Don Samuels, a Minneapolis activist who ran against congressional “Squad” member Ilhan Omar in the Democratic primary, conceded late on Tuesday, making Omar the overwhelming favorite to win re-election. According to the National Review, Omar earned 56,392 votes, or 50.39%, compared to Samuels’ 53,890 votes, or 48.15%, with 98% of precincts reporting at 10:30 p.m. None of the other three contenders received even 1% of the vote. The Associated Press called the race for Omar around 11 p.m. Minnesota time and Samuels told his supporters that “the people have spoken.”
He went on to say, “To come this close means that we have our finger on the pulse of the exhausted majority” and that “We know that America wants change.” Samuels explained that if Omar didn’t have the high-profile endorsements that come with being the incumbent, he would have won. He also noted that he would support Omar in November but that “We’re not going away.” In discussing the tight race, Samuels stated, “My only hope is that my opponent will have learned a lesson from this. You cannot give poor constituent service, put your own dreams above the dreams and visions and desires of your community, hold scant and scarce town-hall meetings, not be available to the press that serves your community, and get reelected easily.”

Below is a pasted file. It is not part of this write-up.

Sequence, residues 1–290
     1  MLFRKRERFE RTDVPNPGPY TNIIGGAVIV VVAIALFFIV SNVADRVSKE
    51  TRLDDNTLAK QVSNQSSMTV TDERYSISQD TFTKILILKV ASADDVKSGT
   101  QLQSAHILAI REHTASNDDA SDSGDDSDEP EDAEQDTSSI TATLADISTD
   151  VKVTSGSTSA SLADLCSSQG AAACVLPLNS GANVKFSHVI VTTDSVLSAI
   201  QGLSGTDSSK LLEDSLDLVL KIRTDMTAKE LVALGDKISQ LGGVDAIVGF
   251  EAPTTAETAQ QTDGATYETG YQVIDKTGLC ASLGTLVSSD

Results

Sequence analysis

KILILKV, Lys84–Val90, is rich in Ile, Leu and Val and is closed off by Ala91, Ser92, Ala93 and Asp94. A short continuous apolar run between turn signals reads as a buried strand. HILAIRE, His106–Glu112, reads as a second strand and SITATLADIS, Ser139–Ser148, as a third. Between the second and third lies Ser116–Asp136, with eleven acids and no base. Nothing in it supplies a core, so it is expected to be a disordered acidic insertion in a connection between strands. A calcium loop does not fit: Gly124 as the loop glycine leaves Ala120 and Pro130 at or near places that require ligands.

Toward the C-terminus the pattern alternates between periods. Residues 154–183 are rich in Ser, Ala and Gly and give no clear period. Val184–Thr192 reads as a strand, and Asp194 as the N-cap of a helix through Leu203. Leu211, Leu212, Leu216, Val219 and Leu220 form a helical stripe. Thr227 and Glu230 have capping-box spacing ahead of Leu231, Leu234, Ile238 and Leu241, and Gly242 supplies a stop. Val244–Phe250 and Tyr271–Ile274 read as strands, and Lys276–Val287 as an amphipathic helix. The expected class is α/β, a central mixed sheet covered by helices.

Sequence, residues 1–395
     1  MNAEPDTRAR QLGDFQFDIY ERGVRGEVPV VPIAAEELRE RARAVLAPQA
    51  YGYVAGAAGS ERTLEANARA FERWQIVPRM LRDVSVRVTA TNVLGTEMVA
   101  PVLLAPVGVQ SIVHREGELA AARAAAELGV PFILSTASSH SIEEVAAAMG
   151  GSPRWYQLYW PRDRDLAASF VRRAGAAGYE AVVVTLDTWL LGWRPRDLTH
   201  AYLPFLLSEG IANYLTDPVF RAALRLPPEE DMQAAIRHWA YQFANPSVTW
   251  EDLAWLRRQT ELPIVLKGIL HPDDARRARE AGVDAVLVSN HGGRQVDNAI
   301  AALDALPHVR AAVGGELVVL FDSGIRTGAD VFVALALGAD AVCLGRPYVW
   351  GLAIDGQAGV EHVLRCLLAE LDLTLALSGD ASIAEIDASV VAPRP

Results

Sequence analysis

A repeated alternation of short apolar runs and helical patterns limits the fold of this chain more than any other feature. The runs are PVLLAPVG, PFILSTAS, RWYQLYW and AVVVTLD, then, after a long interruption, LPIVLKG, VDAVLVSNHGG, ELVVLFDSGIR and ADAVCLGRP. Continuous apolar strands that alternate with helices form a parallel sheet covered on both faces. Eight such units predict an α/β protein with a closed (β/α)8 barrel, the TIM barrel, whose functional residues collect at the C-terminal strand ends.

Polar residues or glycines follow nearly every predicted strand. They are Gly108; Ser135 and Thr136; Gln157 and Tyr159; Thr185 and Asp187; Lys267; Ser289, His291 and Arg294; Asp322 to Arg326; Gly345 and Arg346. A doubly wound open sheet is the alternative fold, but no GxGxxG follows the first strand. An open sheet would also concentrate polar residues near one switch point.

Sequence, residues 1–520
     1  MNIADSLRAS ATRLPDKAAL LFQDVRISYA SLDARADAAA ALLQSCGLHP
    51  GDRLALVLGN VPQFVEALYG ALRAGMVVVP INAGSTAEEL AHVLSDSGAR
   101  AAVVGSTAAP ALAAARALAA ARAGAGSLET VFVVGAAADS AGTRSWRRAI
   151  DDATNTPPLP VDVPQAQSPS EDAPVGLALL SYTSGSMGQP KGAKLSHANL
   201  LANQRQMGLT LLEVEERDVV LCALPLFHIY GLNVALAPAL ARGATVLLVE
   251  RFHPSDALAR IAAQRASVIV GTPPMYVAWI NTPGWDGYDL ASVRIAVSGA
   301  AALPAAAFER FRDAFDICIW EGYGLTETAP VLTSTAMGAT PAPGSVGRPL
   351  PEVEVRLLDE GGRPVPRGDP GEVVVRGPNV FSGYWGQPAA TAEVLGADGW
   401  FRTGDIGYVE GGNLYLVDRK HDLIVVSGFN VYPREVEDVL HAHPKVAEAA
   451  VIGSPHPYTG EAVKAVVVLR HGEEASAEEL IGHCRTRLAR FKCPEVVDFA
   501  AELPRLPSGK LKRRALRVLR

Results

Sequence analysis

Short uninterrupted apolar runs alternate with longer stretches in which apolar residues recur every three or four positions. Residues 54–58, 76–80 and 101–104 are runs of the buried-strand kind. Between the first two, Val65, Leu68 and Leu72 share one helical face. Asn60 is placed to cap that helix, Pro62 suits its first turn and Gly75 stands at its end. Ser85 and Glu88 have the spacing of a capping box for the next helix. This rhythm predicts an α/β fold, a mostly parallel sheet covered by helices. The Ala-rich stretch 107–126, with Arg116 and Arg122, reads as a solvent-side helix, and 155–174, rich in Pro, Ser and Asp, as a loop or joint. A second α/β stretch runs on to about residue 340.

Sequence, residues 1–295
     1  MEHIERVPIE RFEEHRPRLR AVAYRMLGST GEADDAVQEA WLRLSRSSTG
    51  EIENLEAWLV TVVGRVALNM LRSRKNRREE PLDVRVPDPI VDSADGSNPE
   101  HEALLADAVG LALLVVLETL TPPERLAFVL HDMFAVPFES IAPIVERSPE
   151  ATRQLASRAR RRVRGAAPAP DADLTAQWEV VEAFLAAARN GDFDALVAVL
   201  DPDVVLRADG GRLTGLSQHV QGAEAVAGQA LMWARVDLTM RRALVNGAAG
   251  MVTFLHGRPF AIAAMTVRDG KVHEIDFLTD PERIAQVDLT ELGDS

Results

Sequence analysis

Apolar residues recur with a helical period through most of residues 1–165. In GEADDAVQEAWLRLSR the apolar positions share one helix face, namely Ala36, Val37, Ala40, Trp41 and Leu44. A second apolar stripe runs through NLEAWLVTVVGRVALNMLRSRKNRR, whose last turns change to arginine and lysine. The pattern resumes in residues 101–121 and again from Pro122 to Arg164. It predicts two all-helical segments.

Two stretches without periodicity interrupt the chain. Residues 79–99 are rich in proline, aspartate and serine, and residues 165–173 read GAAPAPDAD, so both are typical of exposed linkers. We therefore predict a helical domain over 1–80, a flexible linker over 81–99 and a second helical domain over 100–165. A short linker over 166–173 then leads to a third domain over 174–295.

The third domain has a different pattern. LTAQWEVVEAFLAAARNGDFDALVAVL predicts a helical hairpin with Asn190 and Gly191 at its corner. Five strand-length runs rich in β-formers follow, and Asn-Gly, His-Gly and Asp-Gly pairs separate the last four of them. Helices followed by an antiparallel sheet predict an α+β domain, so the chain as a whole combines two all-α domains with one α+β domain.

Samuels advertised himself as a unifier, collaborator, and compromiser who would cooperate with people from all political backgrounds to achieve goals. He played a key role in the drive to completely finance and restore the dwindling police force. He raised more money than Omar and The Star Tribune, the state’s biggest newspaper, gave him its support. Additionally, he was supported by several former chairs of the Democratic-Farmer-Labor party in the state as well as Minneapolis’ highly-liked former police chief, Medaria Arradondo, and the city’s Democratic mayor, Jacob Frey.
However, Omar’s campaign painted Samuels as a corporate-backed conservative and was able to turn out her voters on election day. In November, Omar will face Republican Cicely Davis, who won her three-candidate primary Tuesday with 4,691 votes, or 48.08%.
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